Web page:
Before the 2000s, sous vide was nothing more than an exotic technique practiced by select chefs and large commercial kitchens. By the 2000s, it was common enough to find in some restaurant kitchens, which used specialty immersion circulation machines costing several thousand dollars. In 2009, the Sous Vide Supreme water oven launched at a price point of under $500, finally giving a suitable option for residential consumers. Nowadays, you can find immersion circulators selling for under $100, making sous vide machines as accessible as many small kitchen appliances.
Of course, just because you can get one doesn’t mean you need one. Between your stovetop and your smart oven to the smokeless indoor grill and more, you probably have enough ways to cook food at home. However, if you like to experiment with different cooking styles in the kitchen to keep your nightly dinners exciting, we can’t imagine a better tool to change things up than an immersion circulator. Preparing your food in a sous vide water bath allows for extremely even cooking that’s not really possible using any other kitchen device, with the machine itself handling the time and temperature precisely, making it extremely easy, provided you know the proper settings for whatever dish you’re making. It also produces some of the tastiest meals around, since your vacuum-sealed food is able to retain all its moisture and flavor the entire time it’s cooking.
These are the best immersion circulators to bring sous vide to your kitchen.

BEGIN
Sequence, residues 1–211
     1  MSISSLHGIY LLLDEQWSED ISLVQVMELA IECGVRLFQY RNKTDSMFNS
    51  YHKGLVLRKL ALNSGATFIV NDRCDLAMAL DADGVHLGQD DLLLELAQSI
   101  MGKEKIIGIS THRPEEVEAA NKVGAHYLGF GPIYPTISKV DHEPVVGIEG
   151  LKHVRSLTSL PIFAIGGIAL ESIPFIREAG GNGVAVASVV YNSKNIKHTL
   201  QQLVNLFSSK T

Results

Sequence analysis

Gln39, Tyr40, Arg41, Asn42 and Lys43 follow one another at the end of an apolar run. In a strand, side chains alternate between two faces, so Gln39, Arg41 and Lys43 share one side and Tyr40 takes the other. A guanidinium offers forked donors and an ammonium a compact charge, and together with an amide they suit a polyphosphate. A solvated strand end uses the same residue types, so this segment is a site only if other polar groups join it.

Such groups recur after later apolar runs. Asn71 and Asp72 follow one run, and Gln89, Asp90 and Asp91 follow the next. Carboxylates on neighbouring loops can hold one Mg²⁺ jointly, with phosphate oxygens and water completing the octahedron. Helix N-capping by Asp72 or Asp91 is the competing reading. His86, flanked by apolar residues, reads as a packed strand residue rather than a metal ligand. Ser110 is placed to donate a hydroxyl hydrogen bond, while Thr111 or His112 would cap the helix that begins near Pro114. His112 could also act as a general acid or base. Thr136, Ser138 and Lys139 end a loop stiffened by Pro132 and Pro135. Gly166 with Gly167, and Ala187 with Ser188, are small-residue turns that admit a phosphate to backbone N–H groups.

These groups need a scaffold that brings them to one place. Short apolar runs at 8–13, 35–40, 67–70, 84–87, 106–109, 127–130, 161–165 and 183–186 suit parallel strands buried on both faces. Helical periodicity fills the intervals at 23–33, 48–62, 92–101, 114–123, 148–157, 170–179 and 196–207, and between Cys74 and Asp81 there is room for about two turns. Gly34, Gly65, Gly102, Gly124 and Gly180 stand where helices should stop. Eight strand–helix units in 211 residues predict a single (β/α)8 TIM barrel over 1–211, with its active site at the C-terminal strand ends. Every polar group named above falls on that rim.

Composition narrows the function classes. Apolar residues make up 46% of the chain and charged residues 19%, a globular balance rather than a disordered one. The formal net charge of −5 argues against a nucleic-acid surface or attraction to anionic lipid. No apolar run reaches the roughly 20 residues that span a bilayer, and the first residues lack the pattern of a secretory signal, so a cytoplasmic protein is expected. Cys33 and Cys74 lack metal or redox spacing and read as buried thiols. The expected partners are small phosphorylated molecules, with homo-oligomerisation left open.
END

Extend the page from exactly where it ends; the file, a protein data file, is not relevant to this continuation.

Monoprice Sous Vide Immersion Cooker
At just 800W, you expect this to be a lot less capable than other immersion circulators in this list. In practice, though, it managed to heat up water to sous vide temperatures at roughly the same pace as the 1000W Anova model below, all white keeping it the desired temperatures (anywhere between 41 degrees to 212 degrees Fahrenheit) in a capable manner. The outfit recommends using it with no more than four gallons of water, which is plenty enough to let you cook a family-sized meal. Do note, this thing is loud, so it will make a bit more noise compared to all other models in this list.
It has onboard display and controls that let you dial in the time and temperature right on the device, so you can just punch in the settings as soon as you clip it to the pot (it has an adjustable clamp). There’s no wireless connectivity, so you can’t fiddle with the settings on your phone, which, truth be told, makes it a lot simpler to use. The biggest appeal with this model is the price, as it lets you get a proper immersion circulator at well under 100 bucks.
If you want to stay under $100, but want something more powerful than the Monoprice’s 800W, check out this 1100W model from Greater Goods. Similar to that, this one has no wireless connectivity, instead giving you a LED display and control knob on top to manually set time and temperature. We found the control knob a particularly nice touch, by the way, as it just feels a lot more elegant to use than the capacitive buttons you’ll typically find today.
It heats up at an average pace, all while maintaining temperatures really well. If you’re a stickler for precision, you can also recalibrate the device’s temperature pretty easily by pressing the dial for six seconds. Features include a clamp for securing on the edge of your water vessel, a temperature range of 68 degrees to 203 degrees Fahrenheit, and a stainless steel cover that you can throw in the dishwasher.